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voiceoflg Mon Nov 16, 2009 10:18am

Another end zone rationale question
 
I saw both situations in a game. The correct ruling was administered, but I'm curious as to the "why."

62 yard TD run and the ball carriers launches himself and does a mid-air somersault into the end zone. When he comes down, the ball becomes dislodged after hitting the ground. 15 yard USC penalty, but the TD stands.

Later that game a 20 yard pass into the end zone. Same player that made the earlier TD dives for the ball, grabs it, pulls it into his body, then hits the ground where the ball becomes dislodged. Incomplete pass. He had as much control of the ball after the catch as he did when somersaulting into the end zone on the run.

The officials called it right by the rule book, AFAIK, but I'm curious why the running play is a TD but the pass play is an incomplete pass. What's the reason behind those rules?

RadioBlue Mon Nov 16, 2009 10:41am

Quote:

Originally Posted by voiceoflg (Post 636385)
I saw both situations in a game. The correct ruling was administered, but I'm curious as to the "why."

62 yard TD run and the ball carriers launches himself and does a mid-air somersault into the end zone. When he comes down, the ball becomes dislodged after hitting the ground. 15 yard USC penalty, but the TD stands.

Later that game a 20 yard pass into the end zone. Same player that made the earlier TD dives for the ball, grabs it, pulls it into his body, then hits the ground where the ball becomes dislodged. Incomplete pass. He had as much control of the ball after the catch as he did when somersaulting into the end zone on the run.

The officials called it right by the rule book, AFAIK, but I'm curious why the running play is a TD but the pass play is an incomplete pass. What's the reason behind those rules?

As soon as a runner with posession breaks the plane of the goal-line with the ball, it is a touchdown. Nothing that happens after that can change that.

In your pass play sitch, the player is required to maintain possession after returning to the ground.

2-4-1
Quote:

A catch is the act of establishing player possession of a live ball which is in flight, and first contacting the ground inbounds or being contacted by an opponent in such a way that he is prevented from returning to the ground inbounds while maintaining possession of the ball.

mbyron Mon Nov 16, 2009 12:14pm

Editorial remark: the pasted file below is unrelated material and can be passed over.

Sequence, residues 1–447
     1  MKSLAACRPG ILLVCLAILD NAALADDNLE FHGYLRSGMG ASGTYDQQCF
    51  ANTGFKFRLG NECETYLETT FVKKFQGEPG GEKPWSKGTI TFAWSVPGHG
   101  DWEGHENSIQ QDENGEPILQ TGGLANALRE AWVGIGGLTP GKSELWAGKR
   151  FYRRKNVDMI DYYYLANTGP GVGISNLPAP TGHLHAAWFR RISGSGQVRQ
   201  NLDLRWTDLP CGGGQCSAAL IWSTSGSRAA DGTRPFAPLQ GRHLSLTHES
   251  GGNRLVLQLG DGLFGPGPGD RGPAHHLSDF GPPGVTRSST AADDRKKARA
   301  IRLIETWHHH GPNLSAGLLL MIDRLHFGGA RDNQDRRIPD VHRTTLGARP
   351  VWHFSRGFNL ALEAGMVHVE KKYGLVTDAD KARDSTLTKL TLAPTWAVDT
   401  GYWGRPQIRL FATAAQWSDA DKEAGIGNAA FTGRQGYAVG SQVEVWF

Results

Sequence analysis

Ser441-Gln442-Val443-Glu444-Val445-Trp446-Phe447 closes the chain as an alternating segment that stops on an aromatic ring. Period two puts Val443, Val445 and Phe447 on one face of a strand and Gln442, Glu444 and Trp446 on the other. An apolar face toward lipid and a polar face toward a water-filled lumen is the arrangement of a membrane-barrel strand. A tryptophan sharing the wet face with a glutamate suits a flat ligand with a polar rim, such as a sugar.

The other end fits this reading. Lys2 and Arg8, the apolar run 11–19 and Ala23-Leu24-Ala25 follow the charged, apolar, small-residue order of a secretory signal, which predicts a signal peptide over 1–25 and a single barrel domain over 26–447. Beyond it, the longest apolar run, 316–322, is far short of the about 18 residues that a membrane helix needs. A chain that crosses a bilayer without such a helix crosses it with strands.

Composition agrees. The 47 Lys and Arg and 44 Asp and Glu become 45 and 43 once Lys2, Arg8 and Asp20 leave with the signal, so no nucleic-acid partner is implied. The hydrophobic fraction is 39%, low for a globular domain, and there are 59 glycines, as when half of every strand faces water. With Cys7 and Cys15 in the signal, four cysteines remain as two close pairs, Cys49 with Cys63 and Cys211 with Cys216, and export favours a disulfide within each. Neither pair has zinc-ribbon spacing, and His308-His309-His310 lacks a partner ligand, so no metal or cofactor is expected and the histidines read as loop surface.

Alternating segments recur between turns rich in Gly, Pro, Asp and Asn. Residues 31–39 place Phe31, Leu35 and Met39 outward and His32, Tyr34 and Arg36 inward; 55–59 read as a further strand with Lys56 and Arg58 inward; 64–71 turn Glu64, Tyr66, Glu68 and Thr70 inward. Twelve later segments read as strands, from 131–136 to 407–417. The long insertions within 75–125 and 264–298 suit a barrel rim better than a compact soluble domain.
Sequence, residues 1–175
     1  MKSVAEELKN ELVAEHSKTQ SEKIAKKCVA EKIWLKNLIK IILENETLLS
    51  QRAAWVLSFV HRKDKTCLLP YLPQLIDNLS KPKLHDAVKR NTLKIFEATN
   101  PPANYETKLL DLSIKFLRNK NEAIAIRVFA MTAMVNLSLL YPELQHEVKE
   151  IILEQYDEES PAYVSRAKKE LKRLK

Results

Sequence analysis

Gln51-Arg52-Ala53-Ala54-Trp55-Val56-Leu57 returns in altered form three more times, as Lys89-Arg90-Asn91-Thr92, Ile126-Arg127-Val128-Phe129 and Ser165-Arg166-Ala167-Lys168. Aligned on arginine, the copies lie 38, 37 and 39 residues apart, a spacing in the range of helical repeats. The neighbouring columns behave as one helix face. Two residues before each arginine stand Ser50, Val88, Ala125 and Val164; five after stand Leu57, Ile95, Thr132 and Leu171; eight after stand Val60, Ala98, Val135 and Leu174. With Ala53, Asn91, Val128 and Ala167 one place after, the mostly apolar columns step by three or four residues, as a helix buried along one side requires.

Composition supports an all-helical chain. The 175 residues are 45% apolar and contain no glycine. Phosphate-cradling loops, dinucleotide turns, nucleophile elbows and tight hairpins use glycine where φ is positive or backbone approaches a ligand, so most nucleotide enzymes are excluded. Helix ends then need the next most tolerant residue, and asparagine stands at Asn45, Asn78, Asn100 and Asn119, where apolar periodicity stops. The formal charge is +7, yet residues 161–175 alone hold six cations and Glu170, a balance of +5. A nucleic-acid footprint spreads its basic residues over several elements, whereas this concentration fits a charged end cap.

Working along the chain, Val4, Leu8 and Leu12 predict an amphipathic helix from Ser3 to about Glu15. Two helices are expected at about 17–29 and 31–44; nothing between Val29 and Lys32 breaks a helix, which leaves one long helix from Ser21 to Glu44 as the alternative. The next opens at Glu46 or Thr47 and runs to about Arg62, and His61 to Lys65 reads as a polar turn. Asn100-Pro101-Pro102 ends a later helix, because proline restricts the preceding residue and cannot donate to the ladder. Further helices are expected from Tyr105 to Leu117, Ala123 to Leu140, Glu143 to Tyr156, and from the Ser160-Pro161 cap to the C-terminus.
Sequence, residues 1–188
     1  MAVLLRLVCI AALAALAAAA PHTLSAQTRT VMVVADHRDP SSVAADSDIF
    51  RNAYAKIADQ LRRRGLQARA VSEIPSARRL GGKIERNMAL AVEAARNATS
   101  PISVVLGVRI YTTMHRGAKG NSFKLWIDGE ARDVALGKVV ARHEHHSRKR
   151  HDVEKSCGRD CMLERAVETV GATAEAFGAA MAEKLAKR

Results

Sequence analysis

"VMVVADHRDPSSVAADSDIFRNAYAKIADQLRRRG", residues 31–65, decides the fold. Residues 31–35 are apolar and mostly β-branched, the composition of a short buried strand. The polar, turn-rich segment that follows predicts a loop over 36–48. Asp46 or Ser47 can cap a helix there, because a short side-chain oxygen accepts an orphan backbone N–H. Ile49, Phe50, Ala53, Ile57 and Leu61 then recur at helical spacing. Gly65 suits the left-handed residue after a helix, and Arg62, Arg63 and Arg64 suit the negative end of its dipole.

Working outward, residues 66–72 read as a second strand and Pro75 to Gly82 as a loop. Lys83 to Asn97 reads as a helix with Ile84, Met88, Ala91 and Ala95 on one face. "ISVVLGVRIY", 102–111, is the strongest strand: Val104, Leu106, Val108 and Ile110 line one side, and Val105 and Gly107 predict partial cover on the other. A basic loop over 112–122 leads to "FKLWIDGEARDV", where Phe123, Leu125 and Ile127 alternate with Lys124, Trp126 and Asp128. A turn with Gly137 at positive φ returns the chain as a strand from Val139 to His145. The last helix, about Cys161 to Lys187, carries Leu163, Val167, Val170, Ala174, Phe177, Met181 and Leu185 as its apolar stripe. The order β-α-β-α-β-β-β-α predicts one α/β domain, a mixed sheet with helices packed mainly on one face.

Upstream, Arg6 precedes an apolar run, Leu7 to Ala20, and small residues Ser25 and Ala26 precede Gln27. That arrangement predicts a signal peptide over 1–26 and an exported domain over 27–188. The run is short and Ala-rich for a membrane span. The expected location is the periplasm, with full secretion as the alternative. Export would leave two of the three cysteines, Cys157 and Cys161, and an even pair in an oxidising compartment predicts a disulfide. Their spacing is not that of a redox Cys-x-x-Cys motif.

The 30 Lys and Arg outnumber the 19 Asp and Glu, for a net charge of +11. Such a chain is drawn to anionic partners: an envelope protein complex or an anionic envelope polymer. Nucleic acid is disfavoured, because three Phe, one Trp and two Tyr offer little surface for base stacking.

That's actually 2-4-1 (with hyphens to denote a rule, rather than dots to denote a case).

And yes, that answers voice's question: the runner has possession as the ball breaks the plane, but the receiver must demonstrate possession after coming down with the ball in order to make a catch.

To put it differently: on the running play, the ball is dead once the ball breaks the plane of the EZ, hence no fumble. On the pass play, the ball is not dead until it is caught in the EZ, which doesn't happen until after the player returns to the ground with possession.

Bullycon Mon Nov 16, 2009 01:17pm

It's important to recognize that these are two distinct rules for each of these two plays. In the first play, the question is, "Is the ball live or dead?"

Rule 4-2-2 lists the events which cause a live ball to become dead. Among these are:
a. When a runner goes out of bounds, is held so his forward progress is stopped or allows any part of his person other than hand or foot to touch the ground.
h. When any score occurs.

Rule 8-2-1a: "It is a touchdown when a runner advances from the field of play so that the ball penetrates the vertical plane of the opponent's goal line."

A player with possession of the ball is a runner. The ball penetrated the plane of the goal line during the somersault. Touchdown. Per 4-2-2h, the bal is dead. Say he mistimed his jump and came down at the 2-yard line. When he touched the ground with possession of the ball, the ball is dead per 4-2-2a. The fact that the ball comes out immediately afterwards is irrelevant.

For your second play, the question is, "Did the receiver catch the ball?"

Rule 2-4-1 has been quoted here. Since the receiver did not maintain possession after going to the ground, he did not complete the catch. Without a catch, there is no possession and therefore no runner. Therefore, 4-2-2a, 4-2-2h and 8-2-1a do not apply. When the ball touches the ground, it is an incomplete pass.

I wish they would change 2-4-1 to reflect the difference between control and possession. While the receiver controlled the ball in the air, he did not officially have possession until he landed on the ground while keeping control.


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